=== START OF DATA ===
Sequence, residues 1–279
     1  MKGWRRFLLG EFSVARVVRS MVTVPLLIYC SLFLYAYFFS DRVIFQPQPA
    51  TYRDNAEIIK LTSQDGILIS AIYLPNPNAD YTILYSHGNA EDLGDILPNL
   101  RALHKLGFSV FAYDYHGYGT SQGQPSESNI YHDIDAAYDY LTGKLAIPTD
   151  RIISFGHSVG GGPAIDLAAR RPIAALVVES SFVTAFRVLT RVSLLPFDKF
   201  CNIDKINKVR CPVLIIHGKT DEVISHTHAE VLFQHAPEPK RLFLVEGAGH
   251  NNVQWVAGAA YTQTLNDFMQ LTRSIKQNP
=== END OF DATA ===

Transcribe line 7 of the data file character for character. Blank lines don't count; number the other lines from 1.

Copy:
   251  NNVQWVAGAA YTQTLNDFMQ LTRSIKQNP